The Role of the Planning System in Protecting and Enhancing Soils

April 2004

Executive Summary

Soil has long been overlooked in environmental planning. Whilst it has sometimes benefited from indirect protection, until recently its importance and vulnerability have not been reflected in more explicit strategies. This study explored the current and potential role of the planning system in protecting and enhancing soils.

Soil is the physical material that covers much of the earth's surface. The extended timescales over which soils are formed means that they should be regarded as a non-renewable resource. At the same time they are a fragile resource, being particularly vulnerable to contamination, compaction and erosion by wind or water. Issues such as climate change threaten to increase this fragility, possibly reducing soils' ability to accommodate change without significant and lasting damage.

Although widely overlooked, soil plays a critical role in supporting natural systems. It also supports human life by providing raw materials, food production and a 'platform' for building. The concept of soil's functions is now widely accepted as a way of understanding the benefits provided by soil. Soil functions are summarised under the following headings:

These functions provide a starting point from which to consider the current and potential role of the planning system in protecting and enhancing soils. Whilst the planning system does not cover some key functions (most notably agriculture and forestry activities), development in its various forms can have significant implications for the full range of soil functions. There is a case for providing soils with the same level of consideration as air and water.

The study comprised three main stages. The first examined the current coverage of soil and soil functions within current planning practice in Scotland, Northern Ireland, England and Wales. A sample of planning authorities was contacted via a questionnaire survey and follow up discussions. The development plans for a selection of these authorities were reviewed in greater detail. The study also considered the role of development control in protecting and enhancing soils. The second part of the study focussed on the potential role that the planning system could play. This considered the potential role within the scope of the planning system as it currently stands, and more fundamental changes that could make it easier for the planning system to provide soil with the protection it deserves. The third part of the study involved the preparation of a suite of outputs that can be used to raise awareness of soils and the potential role of the planning system. This includes a conference paper and a good practice guide.

The study findings confirmed that there is currently a low level of recognition of soil and soil functions within national planning policy guidance and advice. The principal exception is in relation to minerals and waste where there is specific advice on issues relating to soil stripping, storage and the avoidance of compaction, contamination and erosion. There is a clear opportunity to extend this guidance to other types of development, particularly in terms of their construction and decommissioning phases.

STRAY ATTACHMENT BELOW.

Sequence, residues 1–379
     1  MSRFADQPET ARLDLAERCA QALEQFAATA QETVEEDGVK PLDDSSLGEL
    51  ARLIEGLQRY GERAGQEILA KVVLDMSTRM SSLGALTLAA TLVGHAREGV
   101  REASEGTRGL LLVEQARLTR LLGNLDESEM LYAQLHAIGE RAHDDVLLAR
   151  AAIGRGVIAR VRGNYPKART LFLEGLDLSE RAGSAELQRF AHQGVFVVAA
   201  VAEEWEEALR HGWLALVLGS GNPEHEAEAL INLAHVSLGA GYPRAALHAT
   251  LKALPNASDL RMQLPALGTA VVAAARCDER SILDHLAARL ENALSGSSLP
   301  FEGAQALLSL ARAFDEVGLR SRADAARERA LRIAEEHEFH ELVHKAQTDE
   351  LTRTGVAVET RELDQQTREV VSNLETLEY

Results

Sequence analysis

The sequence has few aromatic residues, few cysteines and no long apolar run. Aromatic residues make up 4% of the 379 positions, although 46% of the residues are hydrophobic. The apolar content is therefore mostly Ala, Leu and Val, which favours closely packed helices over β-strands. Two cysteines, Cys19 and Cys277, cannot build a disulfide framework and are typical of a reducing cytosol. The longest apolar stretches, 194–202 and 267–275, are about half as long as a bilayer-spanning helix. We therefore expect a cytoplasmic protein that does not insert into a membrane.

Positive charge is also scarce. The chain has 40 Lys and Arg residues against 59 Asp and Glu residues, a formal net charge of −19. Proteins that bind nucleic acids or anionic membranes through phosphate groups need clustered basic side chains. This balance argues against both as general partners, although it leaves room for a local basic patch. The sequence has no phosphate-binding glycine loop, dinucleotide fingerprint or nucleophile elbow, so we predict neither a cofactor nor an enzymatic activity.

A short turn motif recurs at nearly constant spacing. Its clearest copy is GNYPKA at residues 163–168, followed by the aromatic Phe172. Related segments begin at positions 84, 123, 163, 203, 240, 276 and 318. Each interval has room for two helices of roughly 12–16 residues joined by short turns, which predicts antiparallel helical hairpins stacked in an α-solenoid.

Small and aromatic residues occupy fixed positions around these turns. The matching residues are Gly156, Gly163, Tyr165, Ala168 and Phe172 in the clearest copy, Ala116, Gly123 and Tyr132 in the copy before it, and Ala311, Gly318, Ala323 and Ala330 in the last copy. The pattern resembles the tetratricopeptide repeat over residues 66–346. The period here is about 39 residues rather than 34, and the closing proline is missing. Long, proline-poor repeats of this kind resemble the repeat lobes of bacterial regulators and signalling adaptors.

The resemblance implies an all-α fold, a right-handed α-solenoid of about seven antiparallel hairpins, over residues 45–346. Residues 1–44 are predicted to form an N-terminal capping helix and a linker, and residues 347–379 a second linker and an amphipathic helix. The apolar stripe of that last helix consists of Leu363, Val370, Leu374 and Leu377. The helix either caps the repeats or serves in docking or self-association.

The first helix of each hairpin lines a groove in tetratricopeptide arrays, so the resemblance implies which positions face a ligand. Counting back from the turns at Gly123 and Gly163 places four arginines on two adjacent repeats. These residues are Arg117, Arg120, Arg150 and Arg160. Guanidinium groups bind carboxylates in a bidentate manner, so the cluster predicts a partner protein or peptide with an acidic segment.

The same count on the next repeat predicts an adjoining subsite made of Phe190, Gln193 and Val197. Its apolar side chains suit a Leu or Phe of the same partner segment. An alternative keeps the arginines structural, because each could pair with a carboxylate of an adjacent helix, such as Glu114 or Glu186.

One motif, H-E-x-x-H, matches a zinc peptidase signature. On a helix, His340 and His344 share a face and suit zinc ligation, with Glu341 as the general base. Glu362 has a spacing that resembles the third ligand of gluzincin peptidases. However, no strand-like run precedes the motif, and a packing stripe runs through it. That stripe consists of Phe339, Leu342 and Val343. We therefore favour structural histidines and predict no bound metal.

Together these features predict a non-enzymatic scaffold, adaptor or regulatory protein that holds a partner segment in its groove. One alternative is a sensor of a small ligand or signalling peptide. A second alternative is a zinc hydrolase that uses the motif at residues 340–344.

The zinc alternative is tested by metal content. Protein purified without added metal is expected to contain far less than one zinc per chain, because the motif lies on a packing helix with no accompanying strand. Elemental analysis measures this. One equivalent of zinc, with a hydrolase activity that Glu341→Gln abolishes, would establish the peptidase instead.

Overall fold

Similar conclusions emerged from the review of development plans in Scotland, Northern Ireland, England and Wales. Implicit protection is provided by other policies relating to biodiversity, greenbelt, and brownfield land but comprehensive and explicit policies are generally lacking. Few strategic environmental assessments or sustainability appraisals of plans had covered soil issues comprehensively.

Given the lack of specific soil policies within development plans, it is perhaps not surprising that soil is rarely identified as a key issue in the development control process. Again, the principal exception to this is mineral working and land filling where soil handling and restoration are often subject to detailed conditions. There is an opportunity to extend the use of such conditions to other types of development. A further concern was the poor coverage of soil issues within environmental statements.

It is clear that the planning system is not realising its potential role in protecting and enhancing soils. This reflects a low awareness of soil issues, a lack of user friendly guidance and advice and a lack of resources, information and relevant expertise.

These findings led to the recommendation that soil should be accorded the same status in national planning policy as air and water. This should be backed by improved coverage in national policy guidance and the preparation of good practice guidance. Development plans should include specific policies relating to soils, ensuring that soils are considered as a key policy layer or criterion against which development proposals are considered. The current review of planning systems provides an opportunity to raise the profile of soils within development plans. Development control should reflect best practice in the use of conditions relating to soil protection and enhancement. The coverage of soil issues should be improved throughout the EIA process.

The study included the preparation of a range of outputs designed to raise awareness of soil's importance and the potential role of the planning system in providing protection and encouraging enhancement. These include:

KEYWORDS: Soil, Soil Functions, Development Plans, Development Control, Environmental Impact Assessment

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N.B. The report is available for download from the SNIFFER Website